measurements include: total length (mm), snout-vent length (mm), head length (mm)

SVL, and weight (g). In addition, a 1.5 mL blood sample was taken from the cranial

sinus. Whole blood was centrifuged at 1000 x g for 10 minutes. Plasma was aliquoted

into several cryogenic vials (2 mL) and frozen at -80o C. Following the initial sampling

date (Oct 2004), a subset of hatchlings (n=3 / clutch) from all sites were sacrificed on a









quarterly schedule (Nov, Jan, Apr) to allow for a time series evaluation of thyroid and

liver activity as it relates to hatchling morphometrics and circulating free and total plasma

T4 concentrations. Sacrificed animals were selected by random number generation to

avoid researcher bias.

Plasma Thyroid Hormone Validation Procedures (Total and Free Thyroxine)

Plasma samples from alligator hatchlings were analyzed for total thyroxine (TT4)

and free thyroxine (FT4) using commercially available radioimmunoassay (RIA)

procedures. The TT4 and FT4 analyses each utilized a monoclonal solid phase

radioimmunoassay component system (MP Biomedicals Costa Mesa, CA). For the TT4

analysis, samples (50 ipl) were assayed directly as per the component system instructions.

For the FT4 analysis, sample (25 ul) were analyzed as per the provide instructions. RIA

analyses utilized iodinated (1251) ligand (L-thyroxine) and antibody coated tubes. Each

sample was analyzed in duplicate for both TT4, and FT4. Standard curves were prepared

in buffer with known amounts of radioinert T4 (0, 2, 4, 8, 12, and 20 ug/dl) or FT4 (0,

0.34, 0.64, 133, 3.27, 10.18 ng/dl). The minimum concentration distinguishable from

zero was 0.81 ug/dl for TT4 and 0.025 ng/dl for FT4 and results were listed as ng/ml for

TT4 and pg/ml for FT4. Cross-reactivities of the TT4 antiserum were; 30.9 % for D-

thyroxine; 1.0% for 3,3,5 triiodo-thyronine; and <0.1% for3,5-diodo-thyronine, 3,5-

diodo-tyrosine, 3-ido-tyrosine and phenytoin. Cross-reactivities of the FT4 antiserum

were, 91.05 % for (D-thyroxine), 7.92% for 3,3,5-triiodo-rev-thyronine, 3.05 % for 3,3,5-

triiodo-thyronine, <1.0% for 3,3-diodo-thyronine, and <0.1% for 3,5-diodo-tyrosine, 3-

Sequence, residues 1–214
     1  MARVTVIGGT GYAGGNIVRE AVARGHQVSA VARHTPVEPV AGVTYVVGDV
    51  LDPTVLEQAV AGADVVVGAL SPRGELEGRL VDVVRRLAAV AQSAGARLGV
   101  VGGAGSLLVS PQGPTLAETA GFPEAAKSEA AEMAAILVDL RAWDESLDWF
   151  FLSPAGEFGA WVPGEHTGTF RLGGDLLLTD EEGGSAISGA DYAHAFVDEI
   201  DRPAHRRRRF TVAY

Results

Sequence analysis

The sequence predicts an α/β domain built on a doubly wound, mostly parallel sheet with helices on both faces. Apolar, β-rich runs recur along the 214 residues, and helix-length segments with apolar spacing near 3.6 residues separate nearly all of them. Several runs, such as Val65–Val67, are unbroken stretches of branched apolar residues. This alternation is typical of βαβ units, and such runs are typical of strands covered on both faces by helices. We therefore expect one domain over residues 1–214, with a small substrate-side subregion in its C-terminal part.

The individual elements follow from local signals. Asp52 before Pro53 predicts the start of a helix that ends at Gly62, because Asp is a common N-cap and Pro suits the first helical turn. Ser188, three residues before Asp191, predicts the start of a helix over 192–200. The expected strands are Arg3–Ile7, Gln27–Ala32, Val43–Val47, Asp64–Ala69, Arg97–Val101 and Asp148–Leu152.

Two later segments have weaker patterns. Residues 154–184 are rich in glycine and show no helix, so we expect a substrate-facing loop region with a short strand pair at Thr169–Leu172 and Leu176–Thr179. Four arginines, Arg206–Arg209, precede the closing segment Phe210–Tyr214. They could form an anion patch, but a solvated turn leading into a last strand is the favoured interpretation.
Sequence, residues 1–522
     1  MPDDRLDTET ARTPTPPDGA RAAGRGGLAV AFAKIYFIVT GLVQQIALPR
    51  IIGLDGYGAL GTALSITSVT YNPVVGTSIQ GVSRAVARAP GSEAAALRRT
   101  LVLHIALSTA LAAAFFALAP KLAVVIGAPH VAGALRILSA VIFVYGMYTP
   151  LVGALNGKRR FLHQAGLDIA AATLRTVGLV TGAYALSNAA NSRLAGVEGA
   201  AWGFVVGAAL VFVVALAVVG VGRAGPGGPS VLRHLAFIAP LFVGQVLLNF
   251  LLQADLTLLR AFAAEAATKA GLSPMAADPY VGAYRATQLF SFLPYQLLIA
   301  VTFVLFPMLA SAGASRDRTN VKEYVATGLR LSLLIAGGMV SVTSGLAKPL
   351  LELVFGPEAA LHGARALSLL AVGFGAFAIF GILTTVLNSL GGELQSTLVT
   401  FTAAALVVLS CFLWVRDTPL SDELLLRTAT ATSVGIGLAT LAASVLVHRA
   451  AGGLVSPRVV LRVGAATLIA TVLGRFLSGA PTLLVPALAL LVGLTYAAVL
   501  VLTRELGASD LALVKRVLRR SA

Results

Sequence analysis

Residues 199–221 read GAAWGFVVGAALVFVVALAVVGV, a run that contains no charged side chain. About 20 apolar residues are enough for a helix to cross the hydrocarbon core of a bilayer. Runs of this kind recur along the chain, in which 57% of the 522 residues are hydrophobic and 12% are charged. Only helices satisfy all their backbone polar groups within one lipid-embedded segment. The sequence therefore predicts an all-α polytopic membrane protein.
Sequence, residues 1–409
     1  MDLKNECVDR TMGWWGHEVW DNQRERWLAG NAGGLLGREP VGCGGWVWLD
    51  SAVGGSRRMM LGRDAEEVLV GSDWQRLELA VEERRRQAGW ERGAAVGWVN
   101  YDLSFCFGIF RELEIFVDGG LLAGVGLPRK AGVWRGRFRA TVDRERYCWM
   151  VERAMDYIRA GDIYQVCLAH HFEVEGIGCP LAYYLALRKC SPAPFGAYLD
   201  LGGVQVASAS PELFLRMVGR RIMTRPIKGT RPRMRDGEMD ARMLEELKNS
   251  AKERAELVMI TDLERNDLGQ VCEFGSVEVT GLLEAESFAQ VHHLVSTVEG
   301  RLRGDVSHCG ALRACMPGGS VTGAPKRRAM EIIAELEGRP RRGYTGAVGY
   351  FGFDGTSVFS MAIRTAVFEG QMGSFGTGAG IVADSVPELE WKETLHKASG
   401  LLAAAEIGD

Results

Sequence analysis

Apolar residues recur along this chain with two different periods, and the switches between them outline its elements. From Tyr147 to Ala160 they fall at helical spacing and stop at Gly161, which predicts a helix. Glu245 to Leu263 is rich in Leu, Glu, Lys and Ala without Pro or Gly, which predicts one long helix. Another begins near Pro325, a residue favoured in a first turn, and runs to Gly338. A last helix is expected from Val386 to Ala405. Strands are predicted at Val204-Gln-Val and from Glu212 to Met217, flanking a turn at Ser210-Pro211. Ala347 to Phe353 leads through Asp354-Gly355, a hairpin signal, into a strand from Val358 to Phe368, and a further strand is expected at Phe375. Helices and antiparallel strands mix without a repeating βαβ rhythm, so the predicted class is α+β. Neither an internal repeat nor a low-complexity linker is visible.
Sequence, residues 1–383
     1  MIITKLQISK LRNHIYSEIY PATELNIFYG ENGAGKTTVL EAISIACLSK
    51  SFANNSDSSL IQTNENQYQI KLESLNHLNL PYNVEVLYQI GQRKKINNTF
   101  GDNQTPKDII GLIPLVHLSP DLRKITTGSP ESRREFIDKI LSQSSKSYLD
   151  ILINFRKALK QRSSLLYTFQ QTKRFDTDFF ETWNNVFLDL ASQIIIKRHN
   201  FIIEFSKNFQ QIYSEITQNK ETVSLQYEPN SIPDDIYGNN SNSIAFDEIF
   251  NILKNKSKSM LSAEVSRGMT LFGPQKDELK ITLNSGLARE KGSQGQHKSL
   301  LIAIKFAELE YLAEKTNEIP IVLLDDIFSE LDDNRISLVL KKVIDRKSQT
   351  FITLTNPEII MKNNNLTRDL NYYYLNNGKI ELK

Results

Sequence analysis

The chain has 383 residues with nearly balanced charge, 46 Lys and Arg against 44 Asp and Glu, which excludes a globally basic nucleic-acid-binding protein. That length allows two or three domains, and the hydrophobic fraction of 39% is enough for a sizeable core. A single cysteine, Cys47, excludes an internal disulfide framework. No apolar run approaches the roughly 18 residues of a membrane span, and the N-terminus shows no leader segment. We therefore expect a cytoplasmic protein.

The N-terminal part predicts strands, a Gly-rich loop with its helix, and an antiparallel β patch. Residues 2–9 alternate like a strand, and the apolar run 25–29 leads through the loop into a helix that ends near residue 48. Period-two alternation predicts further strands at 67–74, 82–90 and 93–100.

iodo-tryosine, 5,5-diphenylhydantoin, sodium salicylate, acetylsalicylic acid and

phenylbutazone. A pooled sample (approximately 550 ng/ml TT4 and 480 pg/ml FT4

was assayed serially in 10, 20, 30, 40, and 50 [l volumes for Free-T4 and in 5, 10, 15, 20









and 25 ul volumes for TT4. The resulting inhibition curves were parallel to the respective

standard curve, with the tests for homogeneity of regression indicating that the curves did

not differ. Further characterization of the assays involved measurement of known

amounts (0, 2, 4, 8, 12, and 20 ug/dl) of TT4 in 25ul plasma or (0, 0.34, 0.64, 133, 3.27,

10.18 ng/dl) of TT4 in 50 of plasma. For TT4, mass recoveries were estimated as:

Y=0.16 + 0.97X, R2=0.9018; and for free-T4: Y= 0.015 + 0.96X, R2=0.8814 (Y=

amount of TT4, FT4 measured; X= amount ofTT4, FT4 added). Interassay and intrassay

coefficients of variation were 9.2 and 8.7 % respectively for plasma TT4, and 10.3 and

8.7% respectively for plasma FT4.

Free T4 (FT4) Assay Procedures

FT4 (representing <1% of available T4) is considered the most biologically

available form of thyroxine for cellular interaction. Plasma (50pL in duplicate) was added

to solid-phase coated count tubes (MP Biomedicals, Costa Mesa, CA). 1.0 mL of 125I free

T4 tracer was added to each tube. Tubes were vortexed (< 10 seconds) and incubated in

an IR-Autoflow C02 water-jacketed incubator (Nuare, Plymouth, MA, USA) at 37 1 C

for a period of 90 minutes. Contents of tubes were decanted and 1 mL of distilled water

was added / decanted to rinse each tube. Tubes were counted on a LKB-Wallac 1282

CompuGamma gamma counter (PerkinElmer, Boston, MA, USA).

Total T4 (TT4) Assay Procedures

TT4 (representing >99% of available T4) is reversibly associated with several

binding proteins including transthyretin, thyroglobulin, and albumen. Plasma (25p L in

duplicate) was added to solid-phase coated count tubes (MP Biomedicals, Costa Mesa,

CA). 1.0 mL of 125I total T4 tracer was added to each tube. Tubes were vortexed (< 10

seconds) and incubated at room temperature (18 to 250 C) for a period of 60 minutes.